- Suzanne Gravelle, Managing Associate Broker, REALTOR®, Century 21 Trident Realty Ltd.
“The stakes are high for Nova Scotia, with dependency on fisheries, tourism, and other livelihoods in small coastal communities. We cannot afford to wait any longer, we need a Coastal Protection Act in Nova Scotia in order to provide consistent and appropriate planning strategies that help us adapt to changes to come.”
- Georgia Klein, Lecturer, Dalhousie University College of Sustainability.
"Living near the ocean in Southwest Nova Scotia, I'm very aware of the changes taking place along the coast - higher tides and storm surges, flooding, erosion, and damage to infrastructure. Nova Scotia needs a Coastal Act that addresses the multiple impacts of climate change while recognizing the important ecological values of coastal habitats."
- Chris Curry, Coastal Resident, Shelburne, Nova Scotia
Where do we stand?
There are a maze of regulations and policies that impact the coast. Click here to link to a table which summarizes governmental responsibilities for coastal management in Nova Scotia.
What we would like to see:
We need comprehensive, defensible, coastal legislation that outlines clear rules for what can and cannot happen in the coastal zone across the entire province. The EAC and allies have developed some proposed elements of a Coastal Protection Act with the overarching goals of:
1. Protecting people and properties from coastal hazards and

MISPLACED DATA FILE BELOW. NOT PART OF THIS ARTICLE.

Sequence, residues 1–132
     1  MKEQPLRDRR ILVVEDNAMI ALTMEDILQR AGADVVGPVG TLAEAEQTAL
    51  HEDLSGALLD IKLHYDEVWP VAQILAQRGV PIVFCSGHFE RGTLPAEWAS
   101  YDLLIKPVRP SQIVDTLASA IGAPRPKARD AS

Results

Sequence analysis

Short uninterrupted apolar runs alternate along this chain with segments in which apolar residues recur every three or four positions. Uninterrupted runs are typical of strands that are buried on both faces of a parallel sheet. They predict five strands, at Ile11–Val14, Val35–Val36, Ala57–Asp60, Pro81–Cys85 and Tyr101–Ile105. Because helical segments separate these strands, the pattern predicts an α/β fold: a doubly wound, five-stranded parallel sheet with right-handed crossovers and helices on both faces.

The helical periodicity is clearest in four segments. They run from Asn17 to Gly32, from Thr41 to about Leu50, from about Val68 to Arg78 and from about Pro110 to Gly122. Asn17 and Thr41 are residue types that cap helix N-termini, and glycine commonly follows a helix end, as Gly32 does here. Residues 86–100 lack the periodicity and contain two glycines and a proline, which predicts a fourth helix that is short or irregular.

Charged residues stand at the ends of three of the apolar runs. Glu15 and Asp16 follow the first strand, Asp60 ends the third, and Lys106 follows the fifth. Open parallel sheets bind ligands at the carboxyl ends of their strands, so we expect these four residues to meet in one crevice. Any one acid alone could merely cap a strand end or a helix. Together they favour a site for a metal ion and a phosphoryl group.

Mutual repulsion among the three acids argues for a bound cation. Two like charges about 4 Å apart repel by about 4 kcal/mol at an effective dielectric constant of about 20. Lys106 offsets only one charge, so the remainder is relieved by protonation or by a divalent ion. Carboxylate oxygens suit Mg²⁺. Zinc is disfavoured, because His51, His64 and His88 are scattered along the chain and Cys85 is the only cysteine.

2. Protecting coastal ecosystems from inappropriate development
We think a Coastal Protection Act should:
- Reduce the likelihood of threats to personal safety and property from coastal hazards and minimize danger to personnel in emergency and rescue efforts
- Minimize spending of public dollars required to repair coastal hazard damage to public and private property
- Maintain and enhance the buffering capacity of coastal areas to protect inland areas from coastal hazards and intertidal areas from land-based pollution
- Establish a provincial land-use planning framework that is clear, specific, and provides enforceable, provide-wide minimum standards for new development and supports adaptation initiatives for existing infrastructure
- Provide protection for coastal ecosystems and its flora and fauna
- Incorporate the latest scientific and technical data
- Increase clarity and communication around coastal hazards, related regulations, what can and cannot be done, and roles and responsibilities of involved parties
- Be inclusive of all coastal stakeholders, acknowledge strategies and by-laws already in place within municipalities and provide support for municipally-led climate adaptation initiatives
Coastal Policy Resources:
- Nova Scotia Coastal Management Framework 2008
- Nova Scotia State of the Coast Report 2009
- Nova Scotia Climate Change Action Plan 2009
- On The Front Lines: Strategies for Healthy Beaches in Nova Scotia (2009)
- Nova Scotia Draft Coastal Strategy 2011
- New Brunswick Coastal Areas Protection Policy 2002
- Newfoundland and Labrador Coastal and Ocean Management Strategy and Policy Framework 2011
- Prince Edward Island Coastal Property Guide 2016
- East Coast Environmental Law’s “Who Owns the Coast?” from 2010
- Ecology Action Centre’s “On The Rocks” Policy Brief from 2010
- United States Coastal Zone Management Act, initiated in 1972
- United States Coastal Zone Management Program by State
- Researching the Role of Communities in Integrated Coastal Management in Nova Scotia.Joanne Weiss Reid. December 2004
- Coastal Zone Planning in Nova Scotia. Nicole Hynes & Jennifer Graham. Prepared for RCIP Rural Policy Forum February 17-19, 2005
- Coastal Area Management in Nova Scotia: Building Awareness at the Municipal Level. Corey Toews. November 2005
- Navigating the Maze: A Citizen’s Guide to Coastal Action in Nova Scotia
- EAC Comments on Nova Scotia Coastal Strategy
- The Role of Communities, First Nations, Aboriginals and Municipalities in Coastal Management
- Your dream home here? Examples of bad coastal development